To accompany his book, he launched a podcast also called World Wide Waste (part of the Human Centered Design Network), in which he talks to designers who are pioneering green digital thinking and methods. The first episode featured Jeremy Keith, followed by Eric Meyer, Karen Peeters, Erika Hall, and more.
“I interviewed Eric Meyer for the podcast, and he said that for a while he used a pretty good industry tool to optimise his images but when he spent a bit more time and effort on trying out other more customised tools, he managed to really fine-tune them, reducing the image size by another 80 percent. Most of us don’t have the time to do a good job anymore. We have become production line creators and use standard Swiss army knives for everything. We use them when really we only need a little tweak. It all has an impact. When it takes ages to download a site on mobile, are we even still creating a quality product?”
All too often, web design and development best practices are not the focus of management, leading to a bad user experience. When Gerry talked to a senior executive at Toyota for the podcast, he learned that the car giant is obsessed with the quality of its cars but until recently didn’t consider quality in a web context.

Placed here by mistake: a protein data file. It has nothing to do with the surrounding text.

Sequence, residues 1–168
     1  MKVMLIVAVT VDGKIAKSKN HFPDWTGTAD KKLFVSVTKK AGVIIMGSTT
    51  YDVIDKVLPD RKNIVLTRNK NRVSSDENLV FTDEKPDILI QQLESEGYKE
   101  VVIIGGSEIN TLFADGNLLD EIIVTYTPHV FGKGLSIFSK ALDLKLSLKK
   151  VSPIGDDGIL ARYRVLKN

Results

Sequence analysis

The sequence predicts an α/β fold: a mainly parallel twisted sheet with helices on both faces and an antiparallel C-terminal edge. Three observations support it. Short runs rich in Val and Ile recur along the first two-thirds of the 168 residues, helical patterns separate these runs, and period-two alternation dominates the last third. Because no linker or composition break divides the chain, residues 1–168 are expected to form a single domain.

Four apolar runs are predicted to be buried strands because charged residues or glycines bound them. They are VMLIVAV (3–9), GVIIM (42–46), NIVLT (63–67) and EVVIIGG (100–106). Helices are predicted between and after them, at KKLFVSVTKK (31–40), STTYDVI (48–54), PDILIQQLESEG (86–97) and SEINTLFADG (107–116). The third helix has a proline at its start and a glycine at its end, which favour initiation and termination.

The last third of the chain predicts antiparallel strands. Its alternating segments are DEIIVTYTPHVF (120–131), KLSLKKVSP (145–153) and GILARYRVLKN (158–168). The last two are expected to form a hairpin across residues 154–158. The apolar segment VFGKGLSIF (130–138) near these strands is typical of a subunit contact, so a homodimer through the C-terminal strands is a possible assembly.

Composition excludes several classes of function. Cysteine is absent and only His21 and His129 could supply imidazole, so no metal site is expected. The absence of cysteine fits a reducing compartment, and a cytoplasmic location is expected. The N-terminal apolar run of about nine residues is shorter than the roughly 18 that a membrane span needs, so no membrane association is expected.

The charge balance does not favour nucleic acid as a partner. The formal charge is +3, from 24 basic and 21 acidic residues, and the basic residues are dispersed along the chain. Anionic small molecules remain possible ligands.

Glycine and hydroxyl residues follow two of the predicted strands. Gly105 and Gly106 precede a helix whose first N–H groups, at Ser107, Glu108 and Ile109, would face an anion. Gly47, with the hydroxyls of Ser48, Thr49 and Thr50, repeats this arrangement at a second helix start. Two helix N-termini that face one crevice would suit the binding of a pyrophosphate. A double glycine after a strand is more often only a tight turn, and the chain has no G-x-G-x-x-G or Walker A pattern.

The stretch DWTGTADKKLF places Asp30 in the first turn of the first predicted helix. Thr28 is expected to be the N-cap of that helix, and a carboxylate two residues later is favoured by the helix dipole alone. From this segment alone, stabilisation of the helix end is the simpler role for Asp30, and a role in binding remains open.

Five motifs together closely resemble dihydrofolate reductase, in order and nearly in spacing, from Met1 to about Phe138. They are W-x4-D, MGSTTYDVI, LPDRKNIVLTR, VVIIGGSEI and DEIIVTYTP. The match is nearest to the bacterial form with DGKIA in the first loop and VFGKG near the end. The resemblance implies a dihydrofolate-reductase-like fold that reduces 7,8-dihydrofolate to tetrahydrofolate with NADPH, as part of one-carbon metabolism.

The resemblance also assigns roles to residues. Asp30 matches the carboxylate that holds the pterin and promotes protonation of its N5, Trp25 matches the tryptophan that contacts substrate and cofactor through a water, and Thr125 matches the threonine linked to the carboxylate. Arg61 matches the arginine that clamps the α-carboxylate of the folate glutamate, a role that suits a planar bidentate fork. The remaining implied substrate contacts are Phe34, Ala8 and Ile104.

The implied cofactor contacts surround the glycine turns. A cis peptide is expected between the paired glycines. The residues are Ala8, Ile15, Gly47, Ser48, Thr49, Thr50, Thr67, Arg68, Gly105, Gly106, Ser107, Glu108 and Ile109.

“Now they’re also establishing the need for a page to download quickly,” Gerry points out. “Imagine putting the foot on your car’s accelerator, and it goes to a maximum of 60 kilometres an hour. Well, that’s the same feeling as waiting for a page to download. If it takes five seconds, that’s a bad experience. It’s as bad as a badly designed wheel or engine, yet so many websites are full of crap, whether it’s images, unnecessary custom fonts, or poor code.”
Designers who are aware of the issues often struggle to get buy-in and come up against the pressure to deliver.
“In nine out of 10 cases, delivering stuff faster is rewarded more than delivering quality more slowly. It’s a culture of volume. Focus on what matters and don’t create apps for the sake of it. The purpose is important, not having an app or a dashboard. If we asked some really foundational questions, and trained ourselves to understand the true impact of digital and the consequences of our decisions, we’d design a hundred times better. We need to get away from the cult of surface design and the focus on the immediate wow factor, which still drives a lot of design on corporate websites. But whether you look at Google, Twitter, Amazon, eBay or Facebook, we have so much evidence that those who succeed did not go down that path.”
Embrace local and remove what’s not necessary
We also need to start cleaning up after ourselves. By way of an example, Gerry points out that when you store an image in the cloud, you make a copy every time you change it, which means there could be 40 copies that you might not even be aware of. Gerry suggests embracing local instead.